Learn More
May 09, 2023

Building an Event Analytics Pipeline with Confluent Cloud and Imply’s real time DBaaS, Polaris

Learn how to set up a pipeline that generates a simulated clickstream event stream and sends it to Confluent Cloud, processes the raw clickstream data using managed ksqlDB in Confluent Cloud, delivers the processed...

Learn More
May 08, 2023

Real time DBaaS comes to Europe

We are excited to announce the availability of Imply Polaris in Europe, specifically in AWS eu-central-1 region based in Frankfurt. Since its launch in March 2022, Imply Polaris, the fully managed Database-as-a-Service...

Learn More
May 07, 2023

Stream big, think bigger—Analyze streaming data at scale in 2023

Imply is predicting the next "big thing" in 2023 will be analyzing streaming data in real time (and Druid is built for just that!)

Learn More
May 07, 2023

Should You Build or Buy Security Analytics for SecOps?

When should you build—or buy—a security analytics platform for your environment? Here are some common considerations—and how Apache Druid is the ideal foundation for any in-house security solution.

Learn More
May 05, 2023

Introducing Apache Druid 25.0

Apache Druid 25.0 contains over 293 updates from over 56 contributors.

Learn More
May 03, 2023

Druid and SQL syntax

This is a technical blog, which summarises the process of extending the Druid's SQL grammar for ingestion and delves into the nitty gritty of Calcite.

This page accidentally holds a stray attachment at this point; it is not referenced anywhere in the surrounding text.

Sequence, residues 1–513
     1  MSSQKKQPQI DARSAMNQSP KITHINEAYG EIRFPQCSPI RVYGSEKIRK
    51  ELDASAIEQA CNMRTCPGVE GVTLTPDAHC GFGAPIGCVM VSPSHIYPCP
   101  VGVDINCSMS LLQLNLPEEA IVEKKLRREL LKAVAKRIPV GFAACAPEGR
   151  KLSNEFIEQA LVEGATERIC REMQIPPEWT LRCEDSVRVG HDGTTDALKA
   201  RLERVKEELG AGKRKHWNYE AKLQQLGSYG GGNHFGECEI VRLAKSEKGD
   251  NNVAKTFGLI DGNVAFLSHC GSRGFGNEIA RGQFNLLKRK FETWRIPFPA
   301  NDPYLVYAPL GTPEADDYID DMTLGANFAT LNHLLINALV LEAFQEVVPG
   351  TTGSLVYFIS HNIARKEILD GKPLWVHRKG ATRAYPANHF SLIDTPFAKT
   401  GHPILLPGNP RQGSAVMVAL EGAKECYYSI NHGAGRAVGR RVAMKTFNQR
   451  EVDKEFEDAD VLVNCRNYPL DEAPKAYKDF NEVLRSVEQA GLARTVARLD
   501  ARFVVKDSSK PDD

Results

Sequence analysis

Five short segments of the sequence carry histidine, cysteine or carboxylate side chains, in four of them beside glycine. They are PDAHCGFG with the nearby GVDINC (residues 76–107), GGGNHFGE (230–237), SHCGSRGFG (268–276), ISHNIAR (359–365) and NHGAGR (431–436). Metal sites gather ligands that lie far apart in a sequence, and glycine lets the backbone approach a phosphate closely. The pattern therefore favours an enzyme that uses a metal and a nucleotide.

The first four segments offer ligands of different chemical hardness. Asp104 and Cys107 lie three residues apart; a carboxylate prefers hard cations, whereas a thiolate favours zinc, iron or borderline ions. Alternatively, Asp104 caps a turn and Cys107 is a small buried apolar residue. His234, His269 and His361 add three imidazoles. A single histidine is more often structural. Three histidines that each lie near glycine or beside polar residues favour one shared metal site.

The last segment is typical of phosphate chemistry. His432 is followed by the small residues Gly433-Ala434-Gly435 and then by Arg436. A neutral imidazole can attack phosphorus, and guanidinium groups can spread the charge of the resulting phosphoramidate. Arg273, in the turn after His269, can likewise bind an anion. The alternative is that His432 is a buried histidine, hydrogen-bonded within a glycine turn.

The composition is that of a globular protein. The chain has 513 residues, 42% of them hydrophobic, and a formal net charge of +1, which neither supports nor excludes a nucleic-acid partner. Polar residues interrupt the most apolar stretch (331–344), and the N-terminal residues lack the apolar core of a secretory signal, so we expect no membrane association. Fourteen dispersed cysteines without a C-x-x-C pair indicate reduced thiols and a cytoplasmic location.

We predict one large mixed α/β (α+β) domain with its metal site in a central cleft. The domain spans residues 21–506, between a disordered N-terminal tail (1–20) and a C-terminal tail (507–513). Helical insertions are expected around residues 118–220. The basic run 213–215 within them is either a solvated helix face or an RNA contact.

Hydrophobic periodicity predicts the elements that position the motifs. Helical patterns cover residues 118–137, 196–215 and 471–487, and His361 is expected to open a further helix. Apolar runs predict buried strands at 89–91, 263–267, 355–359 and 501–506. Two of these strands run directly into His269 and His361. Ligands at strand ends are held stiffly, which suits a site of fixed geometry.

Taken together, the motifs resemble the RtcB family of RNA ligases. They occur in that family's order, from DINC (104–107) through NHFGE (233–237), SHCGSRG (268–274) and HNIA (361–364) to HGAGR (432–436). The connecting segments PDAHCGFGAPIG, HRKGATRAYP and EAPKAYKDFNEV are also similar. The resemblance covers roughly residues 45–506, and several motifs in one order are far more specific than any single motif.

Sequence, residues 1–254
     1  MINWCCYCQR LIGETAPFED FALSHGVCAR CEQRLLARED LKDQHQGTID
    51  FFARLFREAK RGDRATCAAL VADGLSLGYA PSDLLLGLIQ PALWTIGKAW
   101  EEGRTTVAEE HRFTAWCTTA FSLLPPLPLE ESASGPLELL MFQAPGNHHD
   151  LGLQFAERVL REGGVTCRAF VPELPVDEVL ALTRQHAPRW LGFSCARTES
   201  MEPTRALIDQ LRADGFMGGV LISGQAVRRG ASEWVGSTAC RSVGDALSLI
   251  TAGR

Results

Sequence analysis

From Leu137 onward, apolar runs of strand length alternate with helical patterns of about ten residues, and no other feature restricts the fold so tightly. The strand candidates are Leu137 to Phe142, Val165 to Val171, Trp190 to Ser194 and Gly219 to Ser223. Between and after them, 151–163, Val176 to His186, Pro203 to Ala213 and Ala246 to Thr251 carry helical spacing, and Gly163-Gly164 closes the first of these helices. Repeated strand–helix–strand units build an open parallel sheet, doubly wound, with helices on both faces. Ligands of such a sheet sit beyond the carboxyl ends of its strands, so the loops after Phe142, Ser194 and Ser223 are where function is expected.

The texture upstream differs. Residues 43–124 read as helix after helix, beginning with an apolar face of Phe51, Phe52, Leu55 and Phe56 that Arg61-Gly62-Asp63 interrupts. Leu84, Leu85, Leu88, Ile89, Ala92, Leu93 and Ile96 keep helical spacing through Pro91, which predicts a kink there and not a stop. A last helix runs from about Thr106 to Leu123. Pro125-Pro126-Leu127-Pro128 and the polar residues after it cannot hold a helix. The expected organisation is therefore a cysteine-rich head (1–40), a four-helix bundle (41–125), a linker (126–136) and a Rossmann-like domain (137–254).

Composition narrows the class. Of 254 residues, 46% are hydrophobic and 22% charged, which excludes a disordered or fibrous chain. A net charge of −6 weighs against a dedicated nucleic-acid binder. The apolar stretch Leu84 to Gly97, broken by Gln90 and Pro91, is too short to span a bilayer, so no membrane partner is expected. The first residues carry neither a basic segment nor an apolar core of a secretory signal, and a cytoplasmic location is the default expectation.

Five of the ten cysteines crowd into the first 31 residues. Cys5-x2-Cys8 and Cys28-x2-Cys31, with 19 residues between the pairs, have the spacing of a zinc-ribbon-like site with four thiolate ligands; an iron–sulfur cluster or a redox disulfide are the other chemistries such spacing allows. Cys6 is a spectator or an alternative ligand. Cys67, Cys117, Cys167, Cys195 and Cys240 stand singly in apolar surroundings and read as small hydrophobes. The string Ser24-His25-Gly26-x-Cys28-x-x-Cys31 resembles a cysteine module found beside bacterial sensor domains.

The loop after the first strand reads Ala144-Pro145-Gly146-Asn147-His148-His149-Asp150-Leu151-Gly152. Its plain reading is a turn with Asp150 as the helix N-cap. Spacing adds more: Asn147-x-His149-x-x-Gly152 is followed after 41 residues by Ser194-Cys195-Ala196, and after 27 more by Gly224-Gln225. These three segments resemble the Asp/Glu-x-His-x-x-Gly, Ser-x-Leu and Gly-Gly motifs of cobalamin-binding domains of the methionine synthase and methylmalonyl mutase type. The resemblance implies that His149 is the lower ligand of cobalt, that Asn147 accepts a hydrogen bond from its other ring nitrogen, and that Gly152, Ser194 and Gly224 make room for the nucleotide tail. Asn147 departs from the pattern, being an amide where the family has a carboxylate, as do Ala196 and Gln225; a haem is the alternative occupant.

Learn More
May 02, 2023

Native support for semi-structured data in Apache Druid

Describes a new feature- ingest complex data as is into Druid- massive improvement in developer productivity

Learn More
May 01, 2023

Real-Time Analytics with Imply Polaris: From Setup to Visualization

Imply Polaris offers reduced operational overhead and elastic scaling for efficient real-time analytics that helps you unlock your data's potential.

Learn More
May 01, 2023

Datanami Award

Apache Druid won Datanami's 2022 Readers’ and Editors’ Choice Awards for Reader's Choice "Best Data and AI Product or Technology: Analytics Database".

Learn More
Apr 30, 2023

Alerting and Security Features in Polaris

Describes new features - alerts and some security features- and how Imply customers can leverage it

Learn More
Apr 29, 2023

Ingestion from Amazon Kinesis and S3 into Imply Polaris